Avi Strok

When I visited Lewis & Clark, I was greeted by a stunning campus that checked all my boxes—a supportive and collaborative environment in the Pacific Northwest with small class sizes.

Avi Strok BA '25



Degree and Class Year

BA ’25


Los Angeles, California


Biochemistry and Molecular Biology


SEED (Students Engaged in Eco-Defense) Club, Teaching Assistant for Biology 110

Overseas study

Berlin, Germany, fall 2023

What three words would you use to describe L&C?

Quirky, Interdisciplinary, Beautiful

What’s your favorite class? Why?

My favorite class so far has been Calculus 2 with Associate Professor Paul Allen. Even though I didn’t come to L&C to study math specifically, Paul’s enthusiasm for math is infectious. He is an engaging lecturer, effortlessly funny, and makes the content accessible. I always looked forward to his class and absolutely recommend students take a course he teaches.

What made you want to come to Lewis & Clark?

I knew I wanted to go to a small college in a cooler climate with lots of trees and greenery, making sure to avoid a cutthroat and competitive academic environment. When I visited Lewis & Clark, I was greeted by a stunning campus that checked all my boxes—a supportive and collaborative environment in the Pacific Northwest with small class sizes. What really sealed the deal for me was the dedicated biochemistry and molecular biology major, since I knew I’d be able to focus on the part of biology that interested me the most and its intersections with chemistry.

What do you like or find most interesting about your major?

Coming into college I had a particular interest in genetics, and I love that the biochemistry and molecular biology program allows me to study exactly what I’m interested in! Given my interest in cell/molecular-scale biology, this major feels like a match made in heaven. I love that there are lots of lab courses in the major, allowing my education to be more than theoretical.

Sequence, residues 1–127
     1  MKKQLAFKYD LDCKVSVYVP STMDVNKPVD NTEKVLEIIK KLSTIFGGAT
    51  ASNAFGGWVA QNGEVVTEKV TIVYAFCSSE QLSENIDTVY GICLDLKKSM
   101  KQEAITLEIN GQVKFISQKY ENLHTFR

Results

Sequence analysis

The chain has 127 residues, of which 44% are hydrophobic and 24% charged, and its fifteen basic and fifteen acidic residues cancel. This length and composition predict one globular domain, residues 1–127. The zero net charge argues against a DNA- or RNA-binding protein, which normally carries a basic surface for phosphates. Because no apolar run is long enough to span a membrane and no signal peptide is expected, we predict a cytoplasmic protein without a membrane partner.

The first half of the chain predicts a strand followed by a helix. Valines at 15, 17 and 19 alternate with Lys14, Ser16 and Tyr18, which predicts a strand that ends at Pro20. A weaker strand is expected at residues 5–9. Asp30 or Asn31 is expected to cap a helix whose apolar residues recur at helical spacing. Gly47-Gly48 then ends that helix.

Tell us about your support systems and social outlets on campus: people, activities, clubs, res halls, etc.

Since coming to Lewis & Clark, I’ve begun cross-stitching and getting together with friends to do fiber arts together! Having a peaceful activity and safe social space on campus is reassuring to have. There is also a great community in the SEED (Students Engaged in Eco-Defense) Club, where I’m able to help with the bee garden and other sustainability-related projects with other students with similar interests.

If you went on a New Student Trip with College Outdoors, how did it shape your experience as an incoming student?

Making bonds with other incoming first years made the transition to an entirely new environment much less daunting. It was reassuring to see familiar faces around campus, and having people to eat meals with made the first few weeks feel much more manageable. I’m still great friends with a lot of the people I met on my New Student Trip!

If you have studied or will study overseas while at Lewis & Clark, how did you choose your program? What did your overseas study add to your L&C experience?

I am going to study abroad next semester in Berlin, where I’ll take structural biochemistry. My goal was to go on a departmental program for either biology or chemistry somewhere in Europe, so it worked out perfectly! I’m glad I’ll be making progress on my major courses while getting the opportunity to go overseas.

What advice do you have for incoming students?

Good things come to those who attend office hours! If you’re trying to figure out what you want to study or just want to make connections in your desired department, attending office hours is a great first step. Even if you don’t have a specific question to ask, still go and get to know your professors!

Have you had the opportunity to do research with a professor? If so, please describe the project and the experience.

I am currently researching under Associate Professor Norma Velazquez-Ulloa, studying the effects of nicotine exposure on behavior and development in Drosophila melanogaster, the common fruit fly. My current experiments are investigating how nicotine produces addictive behavior in flies with genetic differences, hopefully identifying genes that are important for how the brain responds to drugs. Learning how to plan experiments, run different behavioral assays, and use new tools for genome analysis has been an incredibly rewarding experience. The process of “doing science” feels much more real to me now, and since starting in the lab I can picture myself going into a career doing research.

Biochemistry and Molecular Biology